Eigenvalues and Algebraic/Geometric Multiplicities of Matrix $A+cI$

Problems and Solutions of Eigenvalue, Eigenvector in Linear Algebra

Problem 378

Let $A$ be an $n \times n$ matrix and let $c$ be a complex number.

(a) For each eigenvalue $\lambda$ of $A$, prove that $\lambda+c$ is an eigenvalue of the matrix $A+cI$, where $I$ is the identity matrix. What can you say about the eigenvectors corresponding to $\lambda+c$?

(b) Prove that the algebraic multiplicity of the eigenvalue $\lambda$ of $A$ is the same as the algebraic multiplicity of the eigenvalue $\lambda+c$ of $A+cI$ are equal.

(c) How about geometric multiplicities?

 
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Proof.

(a) $\lambda+c$ is an eigenvalue of $A+cI$.

Let $\mathbf{x}$ be an eigenvector corresponding to the eigenvalue $\lambda$. Then we have
\[A\mathbf{x}=\lambda \mathbf{x}.\] It follows that we have
\begin{align*}
(A+cI)\mathbf{x}&=A\mathbf{x}+c\mathbf{x}\\
&=\lambda \mathbf{x}+c\mathbf{x}\\
&=(\lambda+c)\mathbf{x}.
\end{align*}

Thus, we obtain
\[(A+cI)\mathbf{x}=(\lambda+c)\mathbf{x},\] where $\mathbf{x}$ is a nonzero vector.
Hence $\lambda+c$ is an eigenvalue of the matrix $A+cI$, and $\mathbf{x}$ is an eigenvector corresponding to $\lambda-c$.

In summary, if $\lambda$ is an eigenvalue of $A$ and $\mathbf{x}$ is an associated eigenvector, then $\lambda+c$ is an eigenvalue of $A+cI$ and $\mathbf{x}$ is an associated eigenvector corresponding to $\lambda+c$.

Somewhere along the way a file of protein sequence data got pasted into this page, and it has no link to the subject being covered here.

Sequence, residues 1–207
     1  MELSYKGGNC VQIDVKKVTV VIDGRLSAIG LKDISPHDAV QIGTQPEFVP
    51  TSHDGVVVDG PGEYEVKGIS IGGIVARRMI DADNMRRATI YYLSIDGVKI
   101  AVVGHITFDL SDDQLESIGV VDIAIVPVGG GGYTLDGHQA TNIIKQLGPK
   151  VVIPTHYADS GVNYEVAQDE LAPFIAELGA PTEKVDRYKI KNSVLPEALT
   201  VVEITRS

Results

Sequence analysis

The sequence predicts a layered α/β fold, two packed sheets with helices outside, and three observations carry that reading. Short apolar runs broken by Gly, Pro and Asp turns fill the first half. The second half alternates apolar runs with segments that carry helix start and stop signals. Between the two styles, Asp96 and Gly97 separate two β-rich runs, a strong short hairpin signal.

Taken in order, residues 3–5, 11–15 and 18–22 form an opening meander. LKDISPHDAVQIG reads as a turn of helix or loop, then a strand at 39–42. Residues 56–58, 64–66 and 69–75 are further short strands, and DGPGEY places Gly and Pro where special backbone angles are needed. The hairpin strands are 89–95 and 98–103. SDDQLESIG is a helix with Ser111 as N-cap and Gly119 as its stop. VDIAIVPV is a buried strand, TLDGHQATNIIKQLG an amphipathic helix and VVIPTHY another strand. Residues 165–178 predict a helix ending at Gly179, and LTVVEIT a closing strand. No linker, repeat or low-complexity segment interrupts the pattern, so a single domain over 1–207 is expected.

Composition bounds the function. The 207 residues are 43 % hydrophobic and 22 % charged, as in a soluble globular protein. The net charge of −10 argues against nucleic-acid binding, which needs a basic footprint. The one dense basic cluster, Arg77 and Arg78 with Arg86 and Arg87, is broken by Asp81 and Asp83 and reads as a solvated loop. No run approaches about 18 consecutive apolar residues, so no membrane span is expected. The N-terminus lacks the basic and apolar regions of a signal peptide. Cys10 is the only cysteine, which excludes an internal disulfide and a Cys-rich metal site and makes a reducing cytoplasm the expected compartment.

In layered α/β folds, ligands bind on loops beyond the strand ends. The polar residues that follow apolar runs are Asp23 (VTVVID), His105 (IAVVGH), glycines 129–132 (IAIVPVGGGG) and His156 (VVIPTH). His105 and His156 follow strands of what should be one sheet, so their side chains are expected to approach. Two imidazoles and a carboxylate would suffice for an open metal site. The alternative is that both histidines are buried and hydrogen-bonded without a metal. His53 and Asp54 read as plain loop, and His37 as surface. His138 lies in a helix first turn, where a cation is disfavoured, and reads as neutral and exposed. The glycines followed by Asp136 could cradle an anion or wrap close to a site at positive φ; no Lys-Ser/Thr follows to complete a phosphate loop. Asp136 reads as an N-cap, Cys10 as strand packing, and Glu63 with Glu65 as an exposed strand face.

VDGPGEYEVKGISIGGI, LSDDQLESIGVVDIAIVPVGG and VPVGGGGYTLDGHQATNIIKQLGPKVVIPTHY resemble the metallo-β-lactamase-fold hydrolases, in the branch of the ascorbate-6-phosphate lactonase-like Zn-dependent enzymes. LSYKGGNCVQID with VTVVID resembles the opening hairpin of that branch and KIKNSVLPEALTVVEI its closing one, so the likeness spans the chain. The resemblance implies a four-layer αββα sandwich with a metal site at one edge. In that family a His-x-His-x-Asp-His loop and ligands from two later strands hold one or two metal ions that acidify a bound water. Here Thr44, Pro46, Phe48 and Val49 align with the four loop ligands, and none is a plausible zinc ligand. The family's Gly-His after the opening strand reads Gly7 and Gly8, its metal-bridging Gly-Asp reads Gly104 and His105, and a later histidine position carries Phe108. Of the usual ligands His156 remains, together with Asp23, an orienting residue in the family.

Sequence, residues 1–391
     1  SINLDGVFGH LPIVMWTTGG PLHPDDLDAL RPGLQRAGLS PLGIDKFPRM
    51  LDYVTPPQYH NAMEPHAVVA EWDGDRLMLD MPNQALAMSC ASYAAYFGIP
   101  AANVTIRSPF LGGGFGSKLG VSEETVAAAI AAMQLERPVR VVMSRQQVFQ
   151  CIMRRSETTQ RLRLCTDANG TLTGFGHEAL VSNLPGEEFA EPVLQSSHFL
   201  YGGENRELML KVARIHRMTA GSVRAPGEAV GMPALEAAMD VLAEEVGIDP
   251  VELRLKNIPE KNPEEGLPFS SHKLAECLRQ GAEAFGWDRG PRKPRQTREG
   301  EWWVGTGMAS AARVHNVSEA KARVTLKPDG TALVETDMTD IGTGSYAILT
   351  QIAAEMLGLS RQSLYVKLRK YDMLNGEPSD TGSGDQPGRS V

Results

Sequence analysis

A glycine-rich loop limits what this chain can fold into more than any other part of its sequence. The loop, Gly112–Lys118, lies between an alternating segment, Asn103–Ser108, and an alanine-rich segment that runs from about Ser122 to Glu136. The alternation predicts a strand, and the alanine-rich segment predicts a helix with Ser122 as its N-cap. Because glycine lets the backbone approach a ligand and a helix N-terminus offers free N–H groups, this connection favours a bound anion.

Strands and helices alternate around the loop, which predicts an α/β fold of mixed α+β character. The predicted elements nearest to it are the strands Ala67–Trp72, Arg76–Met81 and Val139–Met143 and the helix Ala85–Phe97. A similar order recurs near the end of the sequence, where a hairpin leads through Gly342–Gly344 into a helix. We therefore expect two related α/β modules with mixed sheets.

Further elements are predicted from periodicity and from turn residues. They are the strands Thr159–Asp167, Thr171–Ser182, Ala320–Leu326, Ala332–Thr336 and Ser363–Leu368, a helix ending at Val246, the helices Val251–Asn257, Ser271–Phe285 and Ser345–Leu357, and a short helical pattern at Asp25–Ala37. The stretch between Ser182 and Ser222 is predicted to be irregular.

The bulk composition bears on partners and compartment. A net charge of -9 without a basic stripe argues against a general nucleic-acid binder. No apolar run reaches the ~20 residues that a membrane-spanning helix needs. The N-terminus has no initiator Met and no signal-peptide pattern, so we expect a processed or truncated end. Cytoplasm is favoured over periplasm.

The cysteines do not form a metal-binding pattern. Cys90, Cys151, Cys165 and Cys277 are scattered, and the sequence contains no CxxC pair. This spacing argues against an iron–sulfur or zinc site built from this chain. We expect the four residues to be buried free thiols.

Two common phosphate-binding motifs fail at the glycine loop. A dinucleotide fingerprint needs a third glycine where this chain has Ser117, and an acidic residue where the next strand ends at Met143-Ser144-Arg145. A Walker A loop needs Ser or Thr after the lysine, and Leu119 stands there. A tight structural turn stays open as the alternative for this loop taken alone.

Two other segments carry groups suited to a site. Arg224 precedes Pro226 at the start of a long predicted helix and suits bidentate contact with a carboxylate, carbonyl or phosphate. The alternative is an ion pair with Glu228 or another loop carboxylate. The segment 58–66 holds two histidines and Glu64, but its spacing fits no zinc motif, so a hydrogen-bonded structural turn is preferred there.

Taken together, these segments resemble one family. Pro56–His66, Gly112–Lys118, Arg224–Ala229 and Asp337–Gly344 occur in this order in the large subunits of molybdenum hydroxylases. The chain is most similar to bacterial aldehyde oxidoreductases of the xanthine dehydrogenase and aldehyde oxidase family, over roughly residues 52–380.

(b) Algebraic multiplicities are the same

Let $p(t)=\det(A-tI)$ be the characteristic polynomial of $A$.
Let $q(t)$ be the characteristic polynomial of the matrix $A+cI$.
Then we have
\begin{align*}
q(t)&=\det\left(\, (A+cI)-t \,\right)=\det\left(\, A-(t-c) \,\right)\\
&=p(t-c).
\end{align*}

Let $\lambda_1, \dots, \lambda_k$ be distinct eigenvalues of $A$ with algebraic multiplicities $n_1, \dots, n_k$, respectively.
Then we have
\[p(t)=\pm \prod_{i=1}^k (t-\lambda_i)^{n_i}.\] It follows that we have
\begin{align*}
q(t)&=p(t-c)\\
&=\pm \prod_{i=1}^k (t-c-\lambda_i)^{n_i}\\
&=\pm \prod_{i=1}^k \left(t-(\lambda_i+c)\right)^{n_i}.\\
\end{align*}
From the last equation, we read that the eigenvalues of the matrix $A+cI$ are $\lambda_i+c$ with algebraic multiplicity $n_i$ for $i=1,\dots, k$.
Thus, geometric multiplicities of $\lambda$ and $\lambda-c$ are the same.

(c) How about geometric multiplicities?

From part (a), we know that eigenvectors of $\lambda$ are eigenvectors of $\lambda-c$.
Reversing the argument, the eigenvectors of $\lambda+c$ are eigenvectors of $\lambda$.

Thus, the eigenvectors correspond one to one, and the eigenspace of $\lambda$ is the same as the eigenspace of $\lambda+c$.
Hence their geometric multiplicities are the same.

Applications

As applications of this problem, consider the following problems.

Problem. Find all the eigenvalues and eigenvectors of the matrix
\[A=\begin{bmatrix}
3 & 9 & 9 & 9 \\
9 &3 & 9 & 9 \\
9 & 9 & 3 & 9 \\
9 & 9 & 9 & 3
\end{bmatrix}.\]

This is a problem of a Linear Algebra final exam at Harvard University.
For a solution of this problem, see the post “Eigenvalues and eigenvectors of matrix whose diagonal entries are 3 and 9 elsewhere“.

Problem. Find the determinant of the following matrix
\[A=\begin{bmatrix}
6 & 2 & 2 & 2 &2 \\
2 & 6 & 2 & 2 & 2 \\
2 & 2 & 6 & 2 & 2 \\
2 & 2 & 2 & 6 & 2 \\
2 & 2 & 2 & 2 & 6
\end{bmatrix}.\]

This is also a problem of a Linear Algebra final exam at Harvard University.
See the post “Determinant of matrix whose diagonal entries are 6 and 2 elsewhere” for a solution.


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2 Responses

  1. 04/14/2017

    […] the problem “Eigenvalues and algebraic/geometric multiplicities of matrix $A+cI$” for more about the […]

  2. 05/05/2017

    […] to $lambda+c$ are exactly the eigenvectors for $B$ corresponding $lambda$. (See the post “Eigenvalues and algebraic/geometric multiplicities of matrix $A+cI$” for a […]

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